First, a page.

January 25, 2009


Clint Eastwood's Libertarian-Conservative Vision (David Swindle, January 23, 2009, FrontPageMagazine.com)

The mildly racist Walt is horrified to see his neighborhood filled with Asian immigrants, the younger generation of which have resorted to gang life. Walt gradually sheds his prejudices, though, as a series of events bring him into contact with his neighbors. In teenage Thao, he finds a boy who respects his elders and is concerned about his family's honor. Walt begins to mentor Thao, teaching him in the ways of masculinity and setting him up with a construction job. Thao's opportunity to make something of himself, though, is threatened by gang members who seek to draw him into their lifestyle and react violently when he resists. The Korean War veteran realizes that his neighborhood has become a war zone. Walt, now invested in the boy's future, realizes that Thao's opportunity to participate in the American Dream is threatened and reacts to defend him. [...]

The urban setting of "Gran Torino" perhaps reminds viewers more of Eastwood's other iconic role as Detective Harry Callahan in director Don Siegel's "Dirty Harry" and its sequels. The film featured Callahan on the trail of Scorpio, a sadistic serial killer. When one of the murderer's victims was supposedly trapped with a limited oxygen supply, Callahan ignored legal bureaucracy and regulations, breaking into the killer's home without a search warrant and engaging in some "enhanced interrogation techniques" to try and push the madman into revealing the girl's location. It seems clear how a contemporary film might apply this attitude to a terrorist with knowledge of an impending attack. For portraying such a character the film was famously attacked by prominent film critic Pauline Kael as "fascist." [...]

Within Eastwood's films, though, we see the transition from libertarianism to libertarian-conservatism. One can start out with a vision of freedom – that we must have a society in which individuals have the opportunity to pursue their own destinies and "everyone leaves everyone else alone," as Eastwood likes to sum up his views. Yet one becomes conservative when he comes to the realization that that freedom must be defended from those who threaten it; it must be conserved. We see this first manifest in "Dirty Harry" when the Eastwood character goes to extreme measures to confront a sociopath who threatens a city's freedom.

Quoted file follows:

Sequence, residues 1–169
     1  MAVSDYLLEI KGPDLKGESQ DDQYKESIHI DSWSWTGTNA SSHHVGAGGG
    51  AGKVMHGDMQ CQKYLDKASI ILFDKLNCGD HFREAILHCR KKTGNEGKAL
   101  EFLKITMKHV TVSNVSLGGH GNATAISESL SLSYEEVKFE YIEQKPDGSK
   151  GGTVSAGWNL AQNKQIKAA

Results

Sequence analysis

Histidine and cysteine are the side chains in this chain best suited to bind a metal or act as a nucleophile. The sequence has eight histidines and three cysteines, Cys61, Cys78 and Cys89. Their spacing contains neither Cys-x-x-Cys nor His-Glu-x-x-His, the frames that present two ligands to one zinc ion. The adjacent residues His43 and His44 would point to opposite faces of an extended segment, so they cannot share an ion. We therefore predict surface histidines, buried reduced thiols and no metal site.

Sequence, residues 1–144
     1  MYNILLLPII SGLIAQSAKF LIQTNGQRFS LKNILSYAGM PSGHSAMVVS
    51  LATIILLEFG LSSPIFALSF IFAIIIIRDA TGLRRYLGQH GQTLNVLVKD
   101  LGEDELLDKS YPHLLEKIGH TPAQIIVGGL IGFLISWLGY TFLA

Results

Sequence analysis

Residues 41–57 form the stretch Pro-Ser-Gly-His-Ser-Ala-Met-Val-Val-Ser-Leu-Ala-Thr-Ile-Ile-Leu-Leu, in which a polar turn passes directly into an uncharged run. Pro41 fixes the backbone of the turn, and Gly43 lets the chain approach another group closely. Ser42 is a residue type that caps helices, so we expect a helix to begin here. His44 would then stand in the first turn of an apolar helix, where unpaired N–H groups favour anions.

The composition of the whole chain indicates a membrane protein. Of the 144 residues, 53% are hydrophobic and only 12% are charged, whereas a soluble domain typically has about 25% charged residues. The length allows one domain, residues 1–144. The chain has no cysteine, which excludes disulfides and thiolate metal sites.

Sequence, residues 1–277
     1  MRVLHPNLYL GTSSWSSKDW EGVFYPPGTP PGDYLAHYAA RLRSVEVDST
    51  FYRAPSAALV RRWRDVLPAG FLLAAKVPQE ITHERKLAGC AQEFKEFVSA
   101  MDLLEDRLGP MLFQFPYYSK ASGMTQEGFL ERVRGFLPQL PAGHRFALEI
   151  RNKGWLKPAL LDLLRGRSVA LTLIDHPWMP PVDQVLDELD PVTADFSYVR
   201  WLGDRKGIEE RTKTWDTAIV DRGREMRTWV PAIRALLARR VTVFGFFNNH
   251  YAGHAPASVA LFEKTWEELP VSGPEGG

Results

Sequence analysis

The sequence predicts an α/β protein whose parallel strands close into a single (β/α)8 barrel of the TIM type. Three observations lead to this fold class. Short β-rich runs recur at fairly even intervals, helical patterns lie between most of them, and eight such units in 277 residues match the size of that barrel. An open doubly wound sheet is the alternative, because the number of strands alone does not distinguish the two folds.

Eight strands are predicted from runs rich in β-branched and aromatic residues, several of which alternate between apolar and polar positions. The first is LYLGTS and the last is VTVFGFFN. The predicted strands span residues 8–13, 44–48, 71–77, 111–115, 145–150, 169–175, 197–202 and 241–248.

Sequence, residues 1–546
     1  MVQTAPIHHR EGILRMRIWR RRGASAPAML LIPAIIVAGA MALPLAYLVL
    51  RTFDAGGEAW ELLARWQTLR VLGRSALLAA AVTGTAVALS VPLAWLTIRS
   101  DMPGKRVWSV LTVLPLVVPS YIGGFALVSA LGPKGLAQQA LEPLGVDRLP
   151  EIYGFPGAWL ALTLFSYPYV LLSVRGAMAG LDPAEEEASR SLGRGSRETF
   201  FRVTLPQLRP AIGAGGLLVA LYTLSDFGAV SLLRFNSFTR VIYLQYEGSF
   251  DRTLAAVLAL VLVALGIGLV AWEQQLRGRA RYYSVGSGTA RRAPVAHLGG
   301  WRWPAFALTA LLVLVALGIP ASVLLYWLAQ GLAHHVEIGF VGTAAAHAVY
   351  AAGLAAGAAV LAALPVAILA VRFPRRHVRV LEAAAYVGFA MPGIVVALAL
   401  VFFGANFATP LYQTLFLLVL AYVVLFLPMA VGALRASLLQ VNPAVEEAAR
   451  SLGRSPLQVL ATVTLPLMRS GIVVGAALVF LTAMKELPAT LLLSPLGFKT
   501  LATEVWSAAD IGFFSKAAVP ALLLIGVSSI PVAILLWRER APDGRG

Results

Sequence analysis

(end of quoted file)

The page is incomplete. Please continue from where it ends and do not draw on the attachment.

It's ultimately in "Gran Torino," though, that this idea gets its clearest expression. We want a society in which the next generation has the same opportunities of individual liberty to pursue their dreams. In order for the next generation to enjoy that freedom, we must confront sociopaths and nihilists – whether they be international Islamofascists or just local criminal gangs – who would threaten that fundamental American Vision.

And the nativists who would deprive us of millions of Thao's.

I watched Dirty Harry for the first time in thirty years recently, having just watched the great film Zodiac which references it. I'd remembered how awful the 70s were, but forgotten that the buried prisoner scenario was central to the plot. Interesting to consider that movies like this helped create a climate in which we punish crime with appropriately puritanical zeal, after a long period of liberal coddling, but that we see no similar movies about the war against the jihadis.

As it happens, I've also just finished Alex Berenson's thriller, The Faithful Spy, a three year-old bestseller that--at least according to IMDB.com--isn't even in production as a film. It includes a number of conservative, or "fascistic," themes. For one thing, it takes a deliciously savage view of the CIA and the way that bureaucratic concerns trump intelligence. For another, John Wells, the spy of the title, not only genuinely accepts Islam while he is undercover in Afghanistan but is appalled by the dissolution in American society when he returns. Heck, there's even a plotline that involves al Qaeda buying yellowcake in Iraq. But there's also a really fine scene where the terrorist who was caught making that purchase is tortured at a secret prison in order to find out what the material was for. This includes a mature discussion of the difference between torturing a confession from someone--useless, because torture is so effective that anyone will confess to anything--and torturing intelligence out of someone--useful for the same reason. Clint Eastwood is too old these days to play John Wells, but is Hollywood really bereft of anyone who takes Salafism seriously enough to make a film about the fight against it where we're the good guys and the unfortunately harsh methods we use to combat it are justified?

Reblog this post [with Zemanta]
Posted by Orrin Judd at January 25, 2009 9:59 AM
blog comments powered by Disqus